March 17, 1929
At the California-based Oakland Municipal Airport (now Oakland International Airport), 23-year-old Ira Louise McPhetridge Thaden completed a plane flight in which she set a new women’s endurance record for staying airborne. She brought her Travel Air biplane back down onto the airfield 22 hours, three minutes, and 12 seconds after flying from there to make aviation history.
While preparing to start this flight the previous day, the Arkansas-born Thaden made a pledge to those in attendance. “I’m going to stay up until the gasoline runs dry,” she said. Thaden came close to making good on that pledge; less than two hours before finally returning to earth, she signaled to planes flying nearby that her own aircraft was running low on gasoline.
As the Oakland Tribune confirmed, however, “she kept circling over the airport while thousands waited on the ground below, eager to see and greet her when she landed.” After Thaden made her way back to the ground safely, it was confirmed that her plane had only 12 of its original 196 gallons (45 of its original 741.9 liters) of gasoline left in the tank. “Well, I made it,” Thaden remarked as friends helped her out of the plane. “But, gosh, I’m tired.”
Thaden’s endurance achievement came less than four months after she had earned her first world aviation record by setting the women’s altitude mark to an unprecedented 20,260 feet (6,175.3 meters) above the ground. While nowhere near as famous today as her friend and fellow aviation pioneer Amelia Earhart, Thaden likewise distinguished herself as a formidable presence in the skies. “We had to prove that women were good pilots,” she once explained. “In an age where some men didn’t think a woman should drive a horse and buggy, much less drive an automobile, it was a job to prove that females could fly.”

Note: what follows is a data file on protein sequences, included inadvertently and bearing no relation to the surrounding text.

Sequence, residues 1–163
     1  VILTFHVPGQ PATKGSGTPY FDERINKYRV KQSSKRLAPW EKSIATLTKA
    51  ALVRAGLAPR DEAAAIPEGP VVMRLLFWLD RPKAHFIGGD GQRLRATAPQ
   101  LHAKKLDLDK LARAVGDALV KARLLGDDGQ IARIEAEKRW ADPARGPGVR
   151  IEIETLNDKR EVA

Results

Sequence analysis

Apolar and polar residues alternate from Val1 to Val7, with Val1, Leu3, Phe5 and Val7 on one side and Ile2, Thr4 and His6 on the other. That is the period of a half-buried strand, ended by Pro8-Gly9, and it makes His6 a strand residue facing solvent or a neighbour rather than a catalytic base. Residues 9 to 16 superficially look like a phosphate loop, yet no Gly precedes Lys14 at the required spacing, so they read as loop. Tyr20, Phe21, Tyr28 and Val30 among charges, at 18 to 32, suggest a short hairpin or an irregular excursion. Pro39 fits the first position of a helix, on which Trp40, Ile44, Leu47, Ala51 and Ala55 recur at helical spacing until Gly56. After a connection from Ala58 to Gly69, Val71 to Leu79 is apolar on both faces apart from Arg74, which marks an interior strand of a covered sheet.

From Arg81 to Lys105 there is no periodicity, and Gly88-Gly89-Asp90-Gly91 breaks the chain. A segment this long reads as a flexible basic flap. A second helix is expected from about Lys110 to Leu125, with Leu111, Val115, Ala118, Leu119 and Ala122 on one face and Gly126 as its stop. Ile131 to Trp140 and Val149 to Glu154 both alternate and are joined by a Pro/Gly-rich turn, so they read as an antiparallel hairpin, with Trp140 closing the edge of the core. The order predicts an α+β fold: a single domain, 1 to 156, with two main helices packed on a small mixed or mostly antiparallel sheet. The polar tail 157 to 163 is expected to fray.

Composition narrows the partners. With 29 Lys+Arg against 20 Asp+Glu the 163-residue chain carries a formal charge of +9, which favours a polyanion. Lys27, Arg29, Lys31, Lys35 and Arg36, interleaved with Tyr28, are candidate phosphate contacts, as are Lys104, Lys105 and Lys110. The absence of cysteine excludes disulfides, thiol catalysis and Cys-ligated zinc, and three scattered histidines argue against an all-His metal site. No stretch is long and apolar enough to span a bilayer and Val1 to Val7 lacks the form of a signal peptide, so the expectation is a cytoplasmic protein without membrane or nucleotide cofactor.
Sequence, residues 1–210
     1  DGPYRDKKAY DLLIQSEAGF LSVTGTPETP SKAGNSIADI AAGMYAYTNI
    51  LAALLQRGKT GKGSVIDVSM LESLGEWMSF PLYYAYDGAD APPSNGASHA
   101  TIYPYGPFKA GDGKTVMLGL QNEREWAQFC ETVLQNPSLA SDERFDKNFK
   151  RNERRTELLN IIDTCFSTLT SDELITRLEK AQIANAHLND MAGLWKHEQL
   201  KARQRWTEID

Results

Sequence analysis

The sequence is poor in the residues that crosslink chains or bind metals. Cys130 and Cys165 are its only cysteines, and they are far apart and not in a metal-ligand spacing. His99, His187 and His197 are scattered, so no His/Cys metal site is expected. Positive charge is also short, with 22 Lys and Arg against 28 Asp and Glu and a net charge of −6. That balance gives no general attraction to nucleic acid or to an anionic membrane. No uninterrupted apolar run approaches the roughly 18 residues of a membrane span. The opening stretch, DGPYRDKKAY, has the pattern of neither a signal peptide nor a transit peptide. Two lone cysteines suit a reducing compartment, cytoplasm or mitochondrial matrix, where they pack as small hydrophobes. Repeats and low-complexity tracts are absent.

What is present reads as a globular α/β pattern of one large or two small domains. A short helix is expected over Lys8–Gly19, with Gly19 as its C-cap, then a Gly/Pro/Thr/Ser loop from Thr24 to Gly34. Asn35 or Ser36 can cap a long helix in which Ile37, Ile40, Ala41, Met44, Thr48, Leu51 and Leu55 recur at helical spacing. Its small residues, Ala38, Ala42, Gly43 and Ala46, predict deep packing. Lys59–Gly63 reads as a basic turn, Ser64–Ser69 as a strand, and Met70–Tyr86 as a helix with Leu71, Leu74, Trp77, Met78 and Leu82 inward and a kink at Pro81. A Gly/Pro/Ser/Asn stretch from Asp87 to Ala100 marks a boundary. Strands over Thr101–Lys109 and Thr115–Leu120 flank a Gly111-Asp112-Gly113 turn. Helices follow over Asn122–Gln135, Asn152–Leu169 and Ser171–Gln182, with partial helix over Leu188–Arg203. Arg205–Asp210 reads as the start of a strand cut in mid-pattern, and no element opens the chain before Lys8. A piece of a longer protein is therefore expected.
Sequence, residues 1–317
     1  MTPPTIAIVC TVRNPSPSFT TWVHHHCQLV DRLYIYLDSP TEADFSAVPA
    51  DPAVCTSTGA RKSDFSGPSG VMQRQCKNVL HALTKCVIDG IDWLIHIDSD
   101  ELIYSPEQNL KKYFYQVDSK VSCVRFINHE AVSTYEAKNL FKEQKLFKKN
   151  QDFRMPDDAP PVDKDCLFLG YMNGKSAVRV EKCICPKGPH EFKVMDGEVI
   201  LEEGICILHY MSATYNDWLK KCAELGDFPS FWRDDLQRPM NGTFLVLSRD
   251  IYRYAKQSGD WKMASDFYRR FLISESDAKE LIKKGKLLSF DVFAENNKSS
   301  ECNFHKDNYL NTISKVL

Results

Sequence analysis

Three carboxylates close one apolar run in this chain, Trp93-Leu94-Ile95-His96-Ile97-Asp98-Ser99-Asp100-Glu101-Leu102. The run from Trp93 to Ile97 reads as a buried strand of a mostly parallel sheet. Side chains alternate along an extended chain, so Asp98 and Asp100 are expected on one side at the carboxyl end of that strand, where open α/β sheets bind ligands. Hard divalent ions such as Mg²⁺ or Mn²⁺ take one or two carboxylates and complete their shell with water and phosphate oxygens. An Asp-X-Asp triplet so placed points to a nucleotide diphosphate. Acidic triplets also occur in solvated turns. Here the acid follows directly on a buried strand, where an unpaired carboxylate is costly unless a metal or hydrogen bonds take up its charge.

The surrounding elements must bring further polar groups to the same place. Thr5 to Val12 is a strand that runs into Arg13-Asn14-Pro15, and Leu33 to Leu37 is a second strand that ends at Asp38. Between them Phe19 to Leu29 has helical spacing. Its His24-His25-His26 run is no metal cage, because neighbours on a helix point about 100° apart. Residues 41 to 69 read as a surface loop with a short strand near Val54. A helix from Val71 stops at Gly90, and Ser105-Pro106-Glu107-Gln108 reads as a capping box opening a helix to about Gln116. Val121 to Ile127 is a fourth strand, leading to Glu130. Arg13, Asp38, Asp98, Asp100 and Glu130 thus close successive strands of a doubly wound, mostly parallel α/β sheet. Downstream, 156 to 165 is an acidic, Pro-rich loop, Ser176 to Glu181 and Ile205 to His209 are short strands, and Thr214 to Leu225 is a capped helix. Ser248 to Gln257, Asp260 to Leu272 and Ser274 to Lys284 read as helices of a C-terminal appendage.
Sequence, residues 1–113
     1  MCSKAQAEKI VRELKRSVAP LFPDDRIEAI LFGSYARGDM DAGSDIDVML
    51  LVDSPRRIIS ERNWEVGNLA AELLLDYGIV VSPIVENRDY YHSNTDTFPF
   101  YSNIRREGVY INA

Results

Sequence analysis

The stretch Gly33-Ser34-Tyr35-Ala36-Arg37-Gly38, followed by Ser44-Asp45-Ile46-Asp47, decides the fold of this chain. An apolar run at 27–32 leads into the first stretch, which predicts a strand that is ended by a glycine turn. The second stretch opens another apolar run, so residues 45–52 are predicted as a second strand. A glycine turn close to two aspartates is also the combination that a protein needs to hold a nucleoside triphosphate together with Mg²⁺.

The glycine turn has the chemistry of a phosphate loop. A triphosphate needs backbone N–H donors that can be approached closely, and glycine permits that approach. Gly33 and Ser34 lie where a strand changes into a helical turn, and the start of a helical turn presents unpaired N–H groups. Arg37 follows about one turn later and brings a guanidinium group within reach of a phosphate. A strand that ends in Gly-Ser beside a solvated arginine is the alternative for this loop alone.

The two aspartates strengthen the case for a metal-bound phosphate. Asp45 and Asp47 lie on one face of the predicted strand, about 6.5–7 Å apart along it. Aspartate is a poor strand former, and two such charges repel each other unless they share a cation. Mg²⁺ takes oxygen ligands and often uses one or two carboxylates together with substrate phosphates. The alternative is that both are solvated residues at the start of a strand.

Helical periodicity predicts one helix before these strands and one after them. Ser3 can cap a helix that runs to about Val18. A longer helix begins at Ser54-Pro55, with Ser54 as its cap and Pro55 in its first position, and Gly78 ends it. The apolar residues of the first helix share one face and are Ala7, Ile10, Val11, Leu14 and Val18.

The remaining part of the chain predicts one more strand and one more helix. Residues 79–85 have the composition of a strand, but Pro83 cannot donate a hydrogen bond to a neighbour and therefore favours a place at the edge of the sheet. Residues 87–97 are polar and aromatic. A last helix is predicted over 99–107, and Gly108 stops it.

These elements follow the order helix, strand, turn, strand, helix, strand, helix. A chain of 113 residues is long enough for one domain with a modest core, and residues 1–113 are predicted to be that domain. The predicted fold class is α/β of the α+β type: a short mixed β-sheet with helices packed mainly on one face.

Photo Credit: San Diego Air & Space Museum Archives (made available under the Creative Commons CC0 1.0 Universal Public Domain Dedication at https://creativecommons.org/publicdomain/zero/1.0/deed.en)
For more information on Louise Thaden, please check out https://en.wikipedia.org/wiki/Louise_Thaden and https://www.nationalaviation.org/our-enshrinees/thaden-louise-mcphetridge/